Finding fantastic employees is a tough task. It can be so difficult, in fact, that we have created an entire business at Tier2Tek centered around finding candidates for you. The Great Resignation of the past few years has made staffing even more difficult. Potential employees are more aware of their worth and values (as they should be). They have the passion and desire to strive for better and more lucrative opportunities. So, finding employees may be challenging, but keeping them is even harder. Simply put, if you plan on having great employees at your business, you need employee retention strategies.
How do you keep a worker happy? Is it tossing money at them? Planning holiday parties in the break room? Let’s be realistic: it takes much more than mindless incentives to keep great workers around.
As an employment agency, we know a thing or two about employee retention. It’s our profession, after all. Let’s break it all down.
Here are 10 successful employee retention strategies to implement in your business ASAP.
- 1. Understand Why Employees Are Leaving
- 2. Be a Likeable Boss
- 3. Empower Others
- 4. Create a Path for Success
- 5. Recognize Positive Efforts and Results
- 6. Create a Fantastic Onboarding Experience
- 7. Establish Culture Inside and Out
- 8. Mental Health Is Crucial
- 9. Remember Reward Systems
- 10. Listen to Your Employees
1. Understand Why Employees Are Leaving
How do you improve something when you don’t know what needs to be improved? That’s the wonderful and frustrating thing about the human experience. Nothing is black and white, especially emotions.
You may believe that employees are leaving your business because of inadequate pay when they are actually leaving because of a firm glass ceiling. Henceforth, applying successful employee retention strategies starts with knowing the problems.
Unfortunately, finding out exactly why people are leaving may be difficult. Sometimes employees quit or move on from their jobs without much notice or reason. Sometimes they are unwilling to speak about why they are moving on. Ultimately, this is their right. Fortunately, implementing exit interviews can be helpful. Having a reasonable and respectful discussion on why the worker is leaving can help you form your business going forward.
It is important to remember that if the employee is unwilling to share this information with you, then move on. Attempting to find out why people are leaving by asking around the workplace can lead to a toxic environment, ironically resulting in less retention. Try to figure out the issue respectfully with a head-on conversation.
2. Be a Likeable Boss
How many times have you heard a peer complaining about their boss or manager? How many times have you heard of someone quitting a job because of their employer’s behavior?
A survey of 3,000 workers by GoodHire in 2021 found that 82% would consider quitting their job due to a bad manager. There’s a statistic for you.
An unsavory or unhelpful supervisor can lead to a plethora of workplace issues. Not only will a bad leader cause retention to plummet, but they cause a toxic workplace for those that are forced to stay. No one wants to work for leaders that are irresponsible, insulting, or unsuccessful. It’s a simple conclusion. People want to work for leaders they respect and trust. If you (or your employed managers) are a combination of these unpleasant attributes, don’t expect other employee retention strategies to work.
Ultimately, there is a multitude of factors that lead to likable and successful leaders. Overall, it depends on the personalities of the workers, the business goals and the job itself. It’s nearly impossible to break down why your managers may be unlikeable, but it’s important to notice. If your employees are leaving because of the leaders, it may be time to look in the mirror.
3. Empower Others
Some employees require more direction than others. However, nobody enjoys being controlled. It’s essential to empower your employees so they make wise decisions for themselves and the business. Basically, no one wants to feel like they are just another cog in a machine. Workplace jadedness can be the quickest way to lose employees.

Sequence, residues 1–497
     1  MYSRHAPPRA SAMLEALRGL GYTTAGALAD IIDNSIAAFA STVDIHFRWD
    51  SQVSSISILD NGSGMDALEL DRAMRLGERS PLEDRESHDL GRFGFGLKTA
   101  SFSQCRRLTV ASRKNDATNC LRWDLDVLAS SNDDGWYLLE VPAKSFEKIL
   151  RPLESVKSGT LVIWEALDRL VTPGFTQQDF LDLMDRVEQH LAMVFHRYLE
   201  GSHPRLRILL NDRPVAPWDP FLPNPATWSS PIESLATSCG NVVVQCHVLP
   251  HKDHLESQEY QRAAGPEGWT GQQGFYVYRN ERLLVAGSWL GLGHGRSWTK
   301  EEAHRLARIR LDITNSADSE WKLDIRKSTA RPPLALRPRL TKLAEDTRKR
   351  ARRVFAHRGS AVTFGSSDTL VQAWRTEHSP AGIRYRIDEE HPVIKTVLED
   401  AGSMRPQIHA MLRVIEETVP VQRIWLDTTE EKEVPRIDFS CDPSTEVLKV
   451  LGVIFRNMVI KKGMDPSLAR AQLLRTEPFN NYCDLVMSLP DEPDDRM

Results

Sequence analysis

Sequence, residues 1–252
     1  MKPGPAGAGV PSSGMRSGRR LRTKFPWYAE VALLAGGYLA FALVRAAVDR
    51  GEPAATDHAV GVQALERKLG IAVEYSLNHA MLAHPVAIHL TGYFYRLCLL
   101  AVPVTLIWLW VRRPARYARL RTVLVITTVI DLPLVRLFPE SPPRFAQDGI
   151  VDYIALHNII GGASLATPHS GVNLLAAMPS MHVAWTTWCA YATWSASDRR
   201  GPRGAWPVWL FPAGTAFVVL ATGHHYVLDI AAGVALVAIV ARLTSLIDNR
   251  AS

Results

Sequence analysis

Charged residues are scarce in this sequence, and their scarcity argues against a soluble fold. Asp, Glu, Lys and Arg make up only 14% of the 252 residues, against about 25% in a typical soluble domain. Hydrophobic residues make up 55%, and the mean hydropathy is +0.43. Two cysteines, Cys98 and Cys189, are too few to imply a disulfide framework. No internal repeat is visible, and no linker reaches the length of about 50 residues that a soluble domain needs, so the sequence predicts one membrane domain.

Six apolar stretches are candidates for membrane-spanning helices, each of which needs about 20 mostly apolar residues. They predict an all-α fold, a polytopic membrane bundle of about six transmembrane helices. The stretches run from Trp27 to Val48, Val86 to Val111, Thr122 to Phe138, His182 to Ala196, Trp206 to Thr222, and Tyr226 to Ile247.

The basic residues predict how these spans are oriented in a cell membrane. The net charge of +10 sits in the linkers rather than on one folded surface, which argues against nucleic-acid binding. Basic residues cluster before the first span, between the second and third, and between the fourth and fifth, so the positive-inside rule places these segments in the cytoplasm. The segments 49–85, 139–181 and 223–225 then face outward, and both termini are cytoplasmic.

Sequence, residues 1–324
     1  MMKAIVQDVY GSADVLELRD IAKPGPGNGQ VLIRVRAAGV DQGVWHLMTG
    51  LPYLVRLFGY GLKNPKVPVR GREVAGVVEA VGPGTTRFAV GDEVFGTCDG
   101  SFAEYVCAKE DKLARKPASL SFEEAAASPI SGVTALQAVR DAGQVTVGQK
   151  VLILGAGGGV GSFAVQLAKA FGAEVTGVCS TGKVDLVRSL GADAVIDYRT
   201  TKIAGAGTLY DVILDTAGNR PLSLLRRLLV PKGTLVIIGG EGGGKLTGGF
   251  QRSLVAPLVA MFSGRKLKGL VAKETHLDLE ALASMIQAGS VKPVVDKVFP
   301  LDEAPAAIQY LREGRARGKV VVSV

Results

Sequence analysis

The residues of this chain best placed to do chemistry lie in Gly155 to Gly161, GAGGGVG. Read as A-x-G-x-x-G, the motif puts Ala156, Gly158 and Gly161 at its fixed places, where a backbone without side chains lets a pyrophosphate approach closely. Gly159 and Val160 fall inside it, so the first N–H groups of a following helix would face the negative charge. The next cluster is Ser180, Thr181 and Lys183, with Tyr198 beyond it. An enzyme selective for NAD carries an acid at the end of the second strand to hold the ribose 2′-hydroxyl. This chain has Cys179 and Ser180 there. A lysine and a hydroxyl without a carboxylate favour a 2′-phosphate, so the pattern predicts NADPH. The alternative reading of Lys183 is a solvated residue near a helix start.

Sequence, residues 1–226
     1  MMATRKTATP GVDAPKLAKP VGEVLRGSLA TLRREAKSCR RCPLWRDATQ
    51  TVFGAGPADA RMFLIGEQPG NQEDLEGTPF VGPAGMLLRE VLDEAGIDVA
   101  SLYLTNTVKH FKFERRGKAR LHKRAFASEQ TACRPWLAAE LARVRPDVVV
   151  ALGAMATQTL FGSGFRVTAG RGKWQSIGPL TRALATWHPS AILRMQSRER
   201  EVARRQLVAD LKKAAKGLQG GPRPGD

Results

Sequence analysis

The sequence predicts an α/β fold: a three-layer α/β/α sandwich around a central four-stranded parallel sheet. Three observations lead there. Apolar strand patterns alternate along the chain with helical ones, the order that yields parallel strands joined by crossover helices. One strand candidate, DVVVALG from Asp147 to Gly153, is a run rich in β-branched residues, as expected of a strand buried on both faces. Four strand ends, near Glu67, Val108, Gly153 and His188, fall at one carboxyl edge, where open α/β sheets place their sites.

Whether a cashier or an executive, employees should be included and feel like they are important members of your organization. After all, even the most trivial of workers are still crucial to the flow and success of your business. Everyone should be treated with the same level of respect and confidence.
Empowering your employees assists them in becoming conversant with the vision of your company since they know that their input is essential to the organization. Achieving this may take different approaches. You may do nice things for employee appreciation, hold meetings to hear employee opinions, or just listen to grievances. Overall, if you respect every worker the same, the rest should follow naturally.
4. Create a Path for Success
Does your staff know how to grow and move with your organization? Do your employees feel growth opportunities? Are advancement decisions decided by internal politics?
Earlier we mentioned the concept of a hard ceiling. One of the quickest ways to lose great employees is to leave them stranded with no way up. Regardless of a worker’s position in the company, they want to have a clear path to improving. Otherwise, what is their hard work for?
The only employees that are okay with staying stagnant in their role are ones that you probably don’t want to keep. The best workers always want to improve and should have a clear way of doing so. Even if you are a small company and don’t have a plethora of positions, you should always have an increasing level of responsibility and pay to offer hardworking employees.
Let’s say you are a small business with two employees. Even if there aren’t a lot of responsibilities to be delegated, you can still find a way to compensate your workers for their effort. Maybe your one employee can become a keyholder or increase their responsibilities with inventory management. No one wants to work without a lateral improvement structure.
5. Recognize Positive Efforts and Results
Everyone knows that there is a task that needs to be carried out. Sometimes that job will seem unrewarding. However, in any position of authority or leadership, it’s essential to take time to know you recognize the effort of your team. Tasks that get recognized and rewarded get repeated.
Much like the concept of empowering others, thanking employees is one of the most useful and critical employee retention strategies. No one wants to do thankless work.
Overall, set goals for your employees. Make these goals clear and precise. Maybe you want to improve sales for the quarter. But this form of leadership doesn’t stop when you elaborate on the endgame. You have to provide insight on how to get there and have a strong plan of attack. You have to thank and compensate your workers correctly.